Corporate tax cut fulfils BJP’s promise but won’t fix slowdown

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Published: September 30, 2019 12:59:55 AM

In the short run, the government must re-examine whether its revenue projections for GST make sense given the many effective cuts in the rates paid either due to consolidation of categories, which is an effective tax rate cut as well as direct cuts in tax rates.

Inflation needs to be controlled, but the issue is whether inflation is a monetary phenomenon or a supply-side problem, mainly in food items. Prudently used, deficits may be growth-enhancing.

I am not a friend of tax cuts. If you must be a Keynesian in your fiscal policy, it would be better to increase public spending to put purchasing power in the hands of a large part of the population, than to give a tax cut to businesses, which may or may not increase investment.

The deep cut in corporation tax does deliver on what Jaitley had promised. But, the record of corporation tax cuts as a stimulating device is mixed. Yes, there is a surge in equity prices for a short time. But, a stock market boom does not create wealth in a permanent way. Nor is wealth destroyed when stock prices fall. It
is just a redistribution among the stock-owners.

Corporation tax cuts do not boost investment in a sustained fashion. Businessmen advocate them because it makes them richer. Stock markets exchange existing stock of equity. A very small percentage of new investment is financed by IPOs, or new equity floatation by existing corporations. This is true, universally, of all stock markets.

There are reasons why we are experiencing the slowdown in growth rate. The credit markets have become dysfunctional. The nationalisation of the banking system, fifty years ago, worsened the cost of borrowing for all but a few favoured cronies. Attempts by Modi 1.0 to reform PSU banks were overdue, but they seem to have stalled. At the same time, the non-banking credit market had a breakdown with the collapse of IL&FS.

There needs to be a serious policy intervention in this respect. The IB code was welcome, but once again, debtors have found ways of delaying repayments. The principal reason is the fractured nature of the Judiciary. At the apex level, the Judiciary is efficient, though somewhat overstretched. But, nationally, it is understaffed. Its procedures encourage delays. There seem to be no incentives to speed up proceedings in courts. Someone needs to ask whether the reward system for lawyers can be reformed. There is a shamefully large backlog of undecided cases. The cost of credit is high, largely due to the cost of recovery of debts with a dysfunctional judicial system. We need to examine the economic costs of the judicial system. Its ills will not be cured by asking active or retired judges to examine the issue. We need economists to look at this economic problem as a matter of urgency. It is in such matters that the answer to the issue of growth slowdown is to be sought.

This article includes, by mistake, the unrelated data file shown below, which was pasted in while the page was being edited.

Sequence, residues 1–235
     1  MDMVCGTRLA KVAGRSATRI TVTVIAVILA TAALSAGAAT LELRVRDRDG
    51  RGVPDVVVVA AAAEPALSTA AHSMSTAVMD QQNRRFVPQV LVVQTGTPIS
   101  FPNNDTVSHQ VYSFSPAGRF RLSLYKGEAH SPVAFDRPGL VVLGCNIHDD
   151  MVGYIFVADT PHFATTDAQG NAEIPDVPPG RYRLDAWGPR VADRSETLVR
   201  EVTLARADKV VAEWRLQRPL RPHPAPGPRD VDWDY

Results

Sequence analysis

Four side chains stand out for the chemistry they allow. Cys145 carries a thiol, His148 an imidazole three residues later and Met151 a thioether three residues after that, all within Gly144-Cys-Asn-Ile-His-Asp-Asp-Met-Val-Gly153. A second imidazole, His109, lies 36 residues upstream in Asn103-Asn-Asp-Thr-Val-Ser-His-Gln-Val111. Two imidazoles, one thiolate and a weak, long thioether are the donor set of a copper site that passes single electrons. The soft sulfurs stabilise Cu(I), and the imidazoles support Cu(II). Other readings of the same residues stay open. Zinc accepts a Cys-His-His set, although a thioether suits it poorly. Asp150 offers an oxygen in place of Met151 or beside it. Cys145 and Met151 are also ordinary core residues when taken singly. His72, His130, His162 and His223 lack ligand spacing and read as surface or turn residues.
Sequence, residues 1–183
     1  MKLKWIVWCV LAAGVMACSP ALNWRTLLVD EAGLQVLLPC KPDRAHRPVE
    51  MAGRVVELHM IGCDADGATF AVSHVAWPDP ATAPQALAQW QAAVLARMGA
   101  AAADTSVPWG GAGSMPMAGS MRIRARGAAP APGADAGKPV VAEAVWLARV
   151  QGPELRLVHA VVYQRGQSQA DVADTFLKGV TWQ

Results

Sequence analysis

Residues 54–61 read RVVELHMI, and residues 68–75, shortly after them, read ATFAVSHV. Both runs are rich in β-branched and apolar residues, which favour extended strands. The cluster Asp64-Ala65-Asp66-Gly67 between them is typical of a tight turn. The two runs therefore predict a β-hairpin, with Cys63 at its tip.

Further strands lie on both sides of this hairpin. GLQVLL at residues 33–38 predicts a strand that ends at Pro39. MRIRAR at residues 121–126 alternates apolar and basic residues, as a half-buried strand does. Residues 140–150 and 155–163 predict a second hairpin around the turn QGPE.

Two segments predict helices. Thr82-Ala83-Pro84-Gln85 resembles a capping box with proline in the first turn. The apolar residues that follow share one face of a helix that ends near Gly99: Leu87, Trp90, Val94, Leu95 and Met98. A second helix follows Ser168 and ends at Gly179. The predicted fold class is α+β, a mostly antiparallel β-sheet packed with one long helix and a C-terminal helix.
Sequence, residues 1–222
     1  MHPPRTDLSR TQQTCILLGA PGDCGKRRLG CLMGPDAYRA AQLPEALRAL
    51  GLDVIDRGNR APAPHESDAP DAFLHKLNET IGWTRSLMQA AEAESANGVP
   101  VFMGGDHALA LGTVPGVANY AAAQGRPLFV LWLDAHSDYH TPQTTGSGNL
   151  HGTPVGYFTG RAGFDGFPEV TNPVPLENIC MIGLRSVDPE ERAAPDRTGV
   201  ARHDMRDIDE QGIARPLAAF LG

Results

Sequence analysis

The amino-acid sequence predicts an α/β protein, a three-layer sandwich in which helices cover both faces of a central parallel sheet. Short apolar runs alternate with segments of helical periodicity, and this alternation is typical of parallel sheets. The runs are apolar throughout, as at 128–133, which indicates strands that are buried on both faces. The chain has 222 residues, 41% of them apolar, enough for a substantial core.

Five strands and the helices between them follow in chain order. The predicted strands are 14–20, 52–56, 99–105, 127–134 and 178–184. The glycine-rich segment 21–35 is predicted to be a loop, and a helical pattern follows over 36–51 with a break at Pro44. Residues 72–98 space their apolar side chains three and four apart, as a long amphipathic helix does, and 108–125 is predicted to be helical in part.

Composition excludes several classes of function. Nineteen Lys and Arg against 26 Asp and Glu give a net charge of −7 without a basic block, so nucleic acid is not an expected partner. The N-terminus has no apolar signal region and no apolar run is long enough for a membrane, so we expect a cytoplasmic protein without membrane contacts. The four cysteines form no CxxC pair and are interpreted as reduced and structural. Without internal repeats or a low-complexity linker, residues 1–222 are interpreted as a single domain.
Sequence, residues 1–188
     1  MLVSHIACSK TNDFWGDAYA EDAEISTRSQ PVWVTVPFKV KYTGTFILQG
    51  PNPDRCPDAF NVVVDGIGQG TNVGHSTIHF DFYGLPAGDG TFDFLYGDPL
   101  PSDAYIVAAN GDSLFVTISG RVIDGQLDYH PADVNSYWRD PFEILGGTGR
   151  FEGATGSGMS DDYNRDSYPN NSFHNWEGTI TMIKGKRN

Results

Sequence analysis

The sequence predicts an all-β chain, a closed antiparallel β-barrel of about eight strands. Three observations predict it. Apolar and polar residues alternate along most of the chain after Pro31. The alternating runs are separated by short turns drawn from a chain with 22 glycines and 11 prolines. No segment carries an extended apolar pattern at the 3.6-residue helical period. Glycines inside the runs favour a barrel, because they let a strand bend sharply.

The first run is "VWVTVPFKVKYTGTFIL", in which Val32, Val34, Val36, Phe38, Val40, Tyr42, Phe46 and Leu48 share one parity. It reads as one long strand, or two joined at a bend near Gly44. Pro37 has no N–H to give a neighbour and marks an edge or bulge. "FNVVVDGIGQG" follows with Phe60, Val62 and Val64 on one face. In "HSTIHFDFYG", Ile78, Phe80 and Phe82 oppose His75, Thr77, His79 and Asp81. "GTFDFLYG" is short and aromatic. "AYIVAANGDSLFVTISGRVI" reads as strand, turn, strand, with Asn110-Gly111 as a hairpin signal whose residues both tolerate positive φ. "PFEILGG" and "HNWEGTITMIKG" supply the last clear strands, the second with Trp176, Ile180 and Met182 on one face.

Fears have been expressed that the FM’s tax cuts will bust the deficit target. This deserves a short-run, and a long-run answer. In the short run, the government must re-examine whether its revenue projections for GST make sense given the many effective cuts in the rates paid either due to consolidation of categories, which is an effective tax rate cut as well as direct cuts in tax rates. Informal observations reveal that sellers invite the buyers to collude with them in evading tax by not insisting on a receipt. The jugaad economy is back in town.

But, the more important issue is to question the overwhelming importance given to deficit reduction. There is a global debate on fiscal constraint. During the years of Monetarism’s dominance, and prevalence of high inflation rates, the issue of fiscal discipline became urgent. But, across the world, though government debts are rising, bond yields are collapsing. There is a new fashion called Modern Monetary Theory, which takes the same view as early Keynesians. This view says that as the debts are denominated in the national currency, the government has the power to print as much currency as it wishes. The aim of the government should be full employment, and not balancing budgets.

The high inflation of the 1970’s and 1980’s brought the debt-income ratio in fashion as a target, and the idea that governments are driven by short-term political gains rather than prudence. Hence, central banks had to be independent guardians of the currency, and a medium-run macroeconomic strategy was essential, which bore down on deficits. That world has, happily, gone. Though fiscal orthodoxy is still prevalent in financial circles, the inflation threat having gone, governments may be free to spend as they please. The USA is an interesting example of this dual attitude. Politicians swear by fiscal probity, and warn against saddling future generations with debt. But, year after year, the US government debt rises, budgets have been balanced in a maximum of ten years in the last seventy-four since 1945, and most of those came before 1960. The USA has prospered in the meantime.

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India needs a debate on this question. Inflation needs to be controlled, but the issue is whether inflation is a monetary phenomenon or a supply-side problem, mainly in food items. Prudently used, deficits may be growth-enhancing. It would be a major change in economic policy, worth examining.

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